And look how well Bush did. He made not being intelligent his greatest virtue. πŸ˜‰

Chris B,

Are you talking about the senate or the presidential race? I thought that we were talking about the presidential race. Which states are the Democrats targetting in the presidential race? (I do not have access to their inside planning). Which other states? Put your picks on the table, please.

The Democrats will do very well in the Senate. They will not reach 60, but 56 or 57 is my pick. However, that is not the same race as the one that we are discussing – the presidential race.

514 David Gould America and the world has woken up to him since then, and why do you think he is so unpopular? As well as being called sh*t for brains?

Chris B,

All races are not tied together. See Bill Clinton; see Ronald Reagan. People vote differently for Congress than they do for the presidency – as they do here in state and federal elections.

And you are still not naming any states.

Where on the electoral-vote site does it lay out the Democratic strategy for the presidential race?

Sorry for the pessimism, I guess that Ohio poll spooked me!
David, you’re on the money, I agree with you that Obama will win this, but it’ll be close, perhaps he at best gets a tick over 300 electoral college votes.
And Chris: thanks again for all your contributions to this forum, you are a mine of interesting information!
Finally, I was thinking how nice it is without the constant crap from Ron, GG and a few others.

Let me guess Obama’s strategy:
Hold every state Kerry won in 2004, and take off the Republicans 2 or 3 of the following: Ohio, Florida, Missouri, New Mexico, Iowa.
Colorado, North Carolina, Nevada are outside possibilities
I don’t believe the hype about Georgia and Mississippi, they will stay in Republican hands.

David: Hillary would have made Ohio more secure for the Demcrats in November, Obama perhaps still has problems winning over working class white voters?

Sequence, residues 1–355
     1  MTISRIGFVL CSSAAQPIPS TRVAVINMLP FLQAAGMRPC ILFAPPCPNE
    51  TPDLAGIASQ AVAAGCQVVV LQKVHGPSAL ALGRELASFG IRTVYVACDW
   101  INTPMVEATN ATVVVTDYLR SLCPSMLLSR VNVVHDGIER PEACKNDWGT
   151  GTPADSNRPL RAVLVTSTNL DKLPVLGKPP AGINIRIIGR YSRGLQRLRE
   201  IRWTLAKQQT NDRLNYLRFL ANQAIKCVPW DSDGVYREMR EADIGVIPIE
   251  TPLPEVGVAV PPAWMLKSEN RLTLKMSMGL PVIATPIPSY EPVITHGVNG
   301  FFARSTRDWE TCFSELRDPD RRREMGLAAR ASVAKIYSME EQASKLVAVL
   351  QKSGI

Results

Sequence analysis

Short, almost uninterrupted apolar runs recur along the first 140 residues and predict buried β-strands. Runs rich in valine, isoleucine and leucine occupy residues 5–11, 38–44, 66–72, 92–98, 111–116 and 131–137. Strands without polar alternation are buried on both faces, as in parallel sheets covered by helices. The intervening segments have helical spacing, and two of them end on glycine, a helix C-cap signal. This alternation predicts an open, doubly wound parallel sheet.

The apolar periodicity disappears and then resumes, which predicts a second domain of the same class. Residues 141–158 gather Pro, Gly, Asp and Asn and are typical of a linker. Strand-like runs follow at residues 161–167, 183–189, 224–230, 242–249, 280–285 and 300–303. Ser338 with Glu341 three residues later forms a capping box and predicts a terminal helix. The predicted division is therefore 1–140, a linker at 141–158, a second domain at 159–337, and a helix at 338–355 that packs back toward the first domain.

As a Hillary supporter, it has of course always been my contention that she would have had an easier time of it than Obama is going to. But I never got much support on this issue from the Pollbludgers; hence the tease.

Clinton for VP! πŸ™‚

I doubt Hillary will be VP, the latest rumor on the web is Obama will choose Evan Bayr of Indiana.

Hi Progressive – you’re not kidding!
I just copped another spray from GG. It is much nicer here, but I am interested in the discussion re the Oz Climate Change politics so I shall persevere a little longer.

GG and Ron are pissed off they didn’t get invited over here, what a pair of cry babies!
David: there’s a new rumour on the VP every day, it never stops.
I would have been happy with Hillary as the nominee, I hope Obama gives her a prominent job in an administration, she’s got a lot to offer!

David @528-
I feel your pain fellow bludger, however are you reconciled to the Obama for POTUS reality yet or do you need some more help?
We’re a compassionate lot on this site…

The similarities between Steve Brack’s 2nd election and this one are very close. You just have to multiply the issues by ten. Then I had a lot of trouble convincing people, in the upper house I was out by 1 seat. All the previous by elections gave the indications. The polls gave a bit of an indication, but they were more accurate towards the end.

By the way David I was a Hillary supporter too. It wasn’t till afterwords that I found out how they ran their campaign that I realised Hillary was lucky to get close. In particular their Internet campaign. Having quite an understanding of the Internet I was suitably impressed.

Chris B,

Given those similarities, what is your prediction here? How many electoral votes will Obama get, and in what states will he get them?

re the closeness of the Polls- is the fact neither party has actually formally endorsed their candidtae a fcator? I imagine once the campaign proper begins the gap may widen, or am I off the mark?


Given that that is a formality – everyone knows who the candidates will be – I do not think that that will be much of a factor.

What will be a factor is the campaigns themselves. Obama has a lot of money to spend, which is excellent. We will really have to wait and see whether the gap widens or narrows, though.